Motor neurone disease affects about 2 in every 100,000 people each year in the UK and about 5,000 people are living with the disease at any given time.
In the United States, about 5,600 individuals are diagnosed every year The condition is slightly more common among men than women.
People who develop motor neurone disease usually start to experience symptoms in their early 60s, although people in their 90s or still in their teenage years can also develop the condition.
The majority of cases of motor neurone disease are sporadic and there is no family history of the condition. However, in about 5% of cases, a close family relative also has the condition or a similar disease called frontotemporal dementia. In familial cases, a number of defective genes that are thought to contribute to the disease have been identified.
Several environmental factors have also been implicated in causing motor neurone disease but none have yet been proved to be associated with the condition. One example is American football, as three individuals who play the game have developed the condition. In addition, 50 association footballers in Italy have motor neurone disease.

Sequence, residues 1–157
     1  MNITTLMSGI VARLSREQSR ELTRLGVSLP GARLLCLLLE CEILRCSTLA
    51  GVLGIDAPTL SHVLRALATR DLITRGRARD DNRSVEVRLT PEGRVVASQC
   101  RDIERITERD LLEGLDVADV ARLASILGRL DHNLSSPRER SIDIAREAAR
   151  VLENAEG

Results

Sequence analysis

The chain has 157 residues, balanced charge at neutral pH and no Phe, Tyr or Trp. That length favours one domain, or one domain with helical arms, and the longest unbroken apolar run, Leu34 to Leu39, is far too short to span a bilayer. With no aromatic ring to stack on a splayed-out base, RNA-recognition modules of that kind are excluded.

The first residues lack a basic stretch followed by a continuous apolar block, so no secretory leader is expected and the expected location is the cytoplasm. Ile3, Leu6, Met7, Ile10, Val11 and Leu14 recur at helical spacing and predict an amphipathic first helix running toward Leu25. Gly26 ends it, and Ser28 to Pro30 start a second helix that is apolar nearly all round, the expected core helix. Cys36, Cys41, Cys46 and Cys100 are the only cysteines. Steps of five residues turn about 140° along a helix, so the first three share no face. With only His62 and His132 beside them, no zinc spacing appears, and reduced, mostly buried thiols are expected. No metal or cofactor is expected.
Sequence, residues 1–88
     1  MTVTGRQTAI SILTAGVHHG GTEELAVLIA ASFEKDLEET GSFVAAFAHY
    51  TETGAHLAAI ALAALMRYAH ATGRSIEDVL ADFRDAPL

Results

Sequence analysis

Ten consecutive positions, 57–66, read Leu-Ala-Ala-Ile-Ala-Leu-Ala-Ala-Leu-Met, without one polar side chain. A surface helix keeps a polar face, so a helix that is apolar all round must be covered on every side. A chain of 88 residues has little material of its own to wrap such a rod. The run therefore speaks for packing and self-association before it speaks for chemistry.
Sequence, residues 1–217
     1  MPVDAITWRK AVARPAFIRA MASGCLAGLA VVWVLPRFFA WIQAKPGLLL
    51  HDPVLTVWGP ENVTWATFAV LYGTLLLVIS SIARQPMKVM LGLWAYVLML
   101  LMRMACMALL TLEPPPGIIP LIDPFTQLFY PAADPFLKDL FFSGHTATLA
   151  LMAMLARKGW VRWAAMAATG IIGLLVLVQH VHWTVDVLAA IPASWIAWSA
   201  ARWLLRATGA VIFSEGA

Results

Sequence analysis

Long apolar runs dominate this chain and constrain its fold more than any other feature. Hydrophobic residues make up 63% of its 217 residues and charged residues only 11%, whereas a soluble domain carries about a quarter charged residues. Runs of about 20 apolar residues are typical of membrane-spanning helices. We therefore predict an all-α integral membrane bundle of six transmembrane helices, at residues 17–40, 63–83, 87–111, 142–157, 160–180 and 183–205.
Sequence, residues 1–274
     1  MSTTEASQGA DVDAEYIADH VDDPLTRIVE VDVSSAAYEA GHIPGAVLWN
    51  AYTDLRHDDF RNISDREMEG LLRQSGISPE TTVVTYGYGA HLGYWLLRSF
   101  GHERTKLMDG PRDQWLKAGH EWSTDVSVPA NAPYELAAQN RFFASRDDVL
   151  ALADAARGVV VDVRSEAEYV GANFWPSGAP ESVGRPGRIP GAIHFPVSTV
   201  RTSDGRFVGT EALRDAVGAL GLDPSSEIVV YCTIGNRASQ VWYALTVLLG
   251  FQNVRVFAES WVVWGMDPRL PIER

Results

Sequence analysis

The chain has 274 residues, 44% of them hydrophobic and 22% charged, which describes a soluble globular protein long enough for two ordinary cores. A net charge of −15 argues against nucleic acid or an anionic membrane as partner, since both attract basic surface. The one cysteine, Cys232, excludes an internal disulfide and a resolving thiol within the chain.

For the majority of countries, the prevalence of motor neurone disease is similar. Among some areas of the world, however, an increased prevalence of the condition has been known, although this appears to be tailing off in recent decades.
One area of increased incidence is the Kii peninsula of Japan where the cycad seed is used as a medicine. The ingestion or topical application of this seed has been linked to the development of motor neurone disease. Chamorro inhabitants from the island of Guam in the Pacific Ocean also develop a special form of motor neurone disease called Guamanian ALS-PD-dementia complex or lytico bodig. It has been suggested that this condition develops in these regions due to the use of cycad nut flour in the diet or the inclusion of bats in the diet that have eaten cycad nuts.
Reviewed by Sally Robertson, BSc